I am thankful for many things, but one thing I gain immeasurable satisfaction from is the Town and Country Planning Act 1947. By forming the green belt, it helped contain London and the cities of the UK into manageable shapes so we didn’t end up with endless urban sprawl. And so upon finding myself in Wendover, less than 40 miles from the centre of London, one of the first things I saw was a thatched cottage in a row of houses so picturesque I was expecting the cast of Morse, Midsomer Murders and Downton on tour to make an appearance. The Chilterns, where Wendover is nestled, is well known for its beauty and is home to many varied landscapes from chalk streams to beech woods and chocolate box villages.
But the real draw for me in these parts is Wendover Woods, over 800 acres of deeply wooded landscape and many well-signposted walks all designed to shake off the stresses of the city. Living in the woods is the Firecrest, Britain’s smallest bird. You’ll find it much easier looking out for the Red Kite which has become a familiar site in the Chilterns since the re-introduction of them started in the late 1980s. From the station, we walked down Hale Lane and within minutes the village falls away to be replaced by open fields and parcels of woods. The path follows a gentle incline and soon enough the views behind you take on a grander form as more and more gently rolling countryside becomes visible.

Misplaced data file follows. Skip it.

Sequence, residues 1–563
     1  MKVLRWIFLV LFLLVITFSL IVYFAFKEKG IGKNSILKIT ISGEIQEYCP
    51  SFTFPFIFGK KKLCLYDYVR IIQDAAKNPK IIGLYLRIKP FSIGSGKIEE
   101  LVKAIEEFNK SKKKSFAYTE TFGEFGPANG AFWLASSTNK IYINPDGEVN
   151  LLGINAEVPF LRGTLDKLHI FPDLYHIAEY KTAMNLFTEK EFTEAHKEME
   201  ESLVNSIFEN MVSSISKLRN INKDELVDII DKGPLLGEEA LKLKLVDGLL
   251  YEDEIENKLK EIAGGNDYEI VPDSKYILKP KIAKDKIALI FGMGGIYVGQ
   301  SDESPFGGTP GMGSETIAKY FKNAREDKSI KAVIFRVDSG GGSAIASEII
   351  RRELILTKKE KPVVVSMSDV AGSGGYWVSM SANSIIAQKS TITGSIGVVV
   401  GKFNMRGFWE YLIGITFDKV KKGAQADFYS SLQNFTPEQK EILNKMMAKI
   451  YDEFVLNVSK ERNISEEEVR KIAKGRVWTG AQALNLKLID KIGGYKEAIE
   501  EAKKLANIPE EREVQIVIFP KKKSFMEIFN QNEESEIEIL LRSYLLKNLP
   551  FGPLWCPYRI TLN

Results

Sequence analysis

After ten minutes walking down Hale Lane you will find a left turn into Wendover Woods itself, giving you an option to take on one of the circular walks within the woods. Head north and you’ll find yourself at the Cafe in the Woods, or just wander about. Either way you won’t be disappointed. If you’re a sporty kind, then you’ll find the woods to your taste with its fitness assault course scattered throughout.
When our walk led us back to the centre of Wendover we ate at the Shoulder of Mutton which is reliable, affordable and has an enormous garden. You can’t go wrong with a day trip to the Chilterns and Wendover is so easy to access, it is just crying out to be explored.